The acronym ‘RA’ has more than just its standard meaning of Resident Assistant, it actually means Resource Accessible. This is because being a resource for students and being easily accessible is the most important part about being an RA. Though there are many resources new students have, I have outlined the top five in no specific order. Any new students reading this you are not just limited to these five, asking simple questions such as “what time is it?” is are also welcomed!
Information is the first thing new college students will want, specifically those living on their own for the first time. From directional information of the campus to laundry rules, the questions are always specific and RAs must always provide answers. However, this does not mean RAs must have knowledge of everything. Referring a student to a specific area is the key. For example, if a student wants to change their major an RA should direct them to the counseling and career center so this can be done officially and after discussion.
Most new students are not accustomed to campus life, nor might they know where many campus events are. An RA plans events and programs in two ways. In-Area and Out-Area. In-Area events and programs are planned and facilitated by the RA(s) in their area so student never have to go far for something entertaining. Out-Area events are events RAs take students to that may be going on around campus, such as a homecoming event, a service projects or a campus-wide conference. These events are usually academic-based or recreational-based.
Mediation = conflict resolution. In college many students have never had their ideas challenged or their style of living questioned. This can cause issues when this conflicts with a roommate’s living style–and the RA is the first resource for students. In no way is conflict destructive, in actuality it is constructive. Life is all about learning and becoming adaptable to different circumstances, and RAs aim to help roommates by encouraging them to create a fair game plan that works for them both–not in compromising, in collaborating.
Low grades, homesickness, boyfriend/girlfriend issues and depression are just a few issues RAs may encounter from their new students. Everyone has their down days, and the most important aspect to remember is that these feelings are momentary–meaning they’re not forever. With that said, RAs aim to assist students by stating the problem, understanding how/why it’s affecting them, and working on a solution to remedy the issue. It is here where RAs use their discernment in knowing if they can successively remedy an issue or make a necessary referral for the student.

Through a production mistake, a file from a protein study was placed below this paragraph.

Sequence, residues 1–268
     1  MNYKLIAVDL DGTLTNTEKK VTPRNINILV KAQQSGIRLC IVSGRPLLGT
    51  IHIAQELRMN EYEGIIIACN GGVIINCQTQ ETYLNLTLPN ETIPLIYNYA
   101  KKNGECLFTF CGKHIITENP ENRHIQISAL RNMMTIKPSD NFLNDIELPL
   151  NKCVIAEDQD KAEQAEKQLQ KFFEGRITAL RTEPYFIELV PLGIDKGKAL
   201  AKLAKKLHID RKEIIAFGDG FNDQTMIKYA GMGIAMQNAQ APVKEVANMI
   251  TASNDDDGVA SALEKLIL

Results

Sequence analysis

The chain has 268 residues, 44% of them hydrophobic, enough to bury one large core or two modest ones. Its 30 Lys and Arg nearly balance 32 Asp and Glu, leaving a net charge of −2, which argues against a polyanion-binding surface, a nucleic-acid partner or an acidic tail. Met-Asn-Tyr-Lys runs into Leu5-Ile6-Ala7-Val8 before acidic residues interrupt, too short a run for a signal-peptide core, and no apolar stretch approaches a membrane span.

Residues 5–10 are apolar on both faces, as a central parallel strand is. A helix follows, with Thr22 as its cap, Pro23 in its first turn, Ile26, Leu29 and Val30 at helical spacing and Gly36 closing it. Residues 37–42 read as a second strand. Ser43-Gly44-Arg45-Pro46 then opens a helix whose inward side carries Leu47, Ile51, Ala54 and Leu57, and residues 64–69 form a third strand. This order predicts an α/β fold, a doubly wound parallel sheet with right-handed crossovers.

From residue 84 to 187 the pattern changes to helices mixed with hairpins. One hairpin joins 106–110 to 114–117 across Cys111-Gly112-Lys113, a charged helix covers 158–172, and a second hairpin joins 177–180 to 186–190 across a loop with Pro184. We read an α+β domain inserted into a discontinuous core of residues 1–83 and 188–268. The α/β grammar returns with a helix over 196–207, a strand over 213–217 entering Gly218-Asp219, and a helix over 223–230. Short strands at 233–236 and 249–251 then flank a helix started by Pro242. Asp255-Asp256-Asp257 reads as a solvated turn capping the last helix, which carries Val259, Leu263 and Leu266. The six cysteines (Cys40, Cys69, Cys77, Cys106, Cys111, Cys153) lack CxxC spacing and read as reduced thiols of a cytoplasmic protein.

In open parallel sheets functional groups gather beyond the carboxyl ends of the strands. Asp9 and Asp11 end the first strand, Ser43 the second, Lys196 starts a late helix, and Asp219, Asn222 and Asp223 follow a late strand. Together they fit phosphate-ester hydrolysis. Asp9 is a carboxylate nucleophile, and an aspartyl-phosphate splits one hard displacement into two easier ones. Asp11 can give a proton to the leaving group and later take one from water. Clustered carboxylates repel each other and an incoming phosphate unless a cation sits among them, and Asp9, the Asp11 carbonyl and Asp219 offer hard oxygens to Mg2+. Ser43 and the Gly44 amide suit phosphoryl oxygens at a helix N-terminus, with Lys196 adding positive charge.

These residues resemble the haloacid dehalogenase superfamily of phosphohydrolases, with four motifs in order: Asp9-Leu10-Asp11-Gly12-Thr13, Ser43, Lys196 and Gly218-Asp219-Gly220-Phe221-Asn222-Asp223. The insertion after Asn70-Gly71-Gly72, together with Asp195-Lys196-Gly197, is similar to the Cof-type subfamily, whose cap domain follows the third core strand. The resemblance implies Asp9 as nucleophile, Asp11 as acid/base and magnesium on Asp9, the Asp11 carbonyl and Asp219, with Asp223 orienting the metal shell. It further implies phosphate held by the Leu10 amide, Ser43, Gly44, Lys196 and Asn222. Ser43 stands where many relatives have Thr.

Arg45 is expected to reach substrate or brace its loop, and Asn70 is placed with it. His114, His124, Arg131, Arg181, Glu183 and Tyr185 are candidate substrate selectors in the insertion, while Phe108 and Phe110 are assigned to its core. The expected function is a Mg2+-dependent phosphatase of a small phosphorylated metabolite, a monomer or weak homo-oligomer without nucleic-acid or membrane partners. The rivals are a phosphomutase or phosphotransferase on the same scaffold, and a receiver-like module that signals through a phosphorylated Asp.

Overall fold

Every RA has their own way of having fun with their students. From football outside, cooking and even watching a movie in Kirkhof’s theater, the options are endless! I’ll have an Xbox in my room so any of my students are more than welcomed to get beat in MW3 or defeated in HG! Though college is all about learning and doing new things, sometimes it’s doing your favorite hobbies with new friends that turns them into lasting ones.
[The site zerolocked – The Keys of An RA, will always proceed ‘RA’ with the article ‘an’ and not ‘a’, unless the word is spelled out–hence forth known as the RA Rule. This is because annunciation-wise, RA = Are. The grammatical rule is that if the word after the article is a vowel then an is used, while consonants use a. (An article, A vowel). There are exceptions to the rule. You would say “An Xbox”, even though X is a consonant. Again, annunciation-wise Xbox = Ex, so the RA Rule applies!]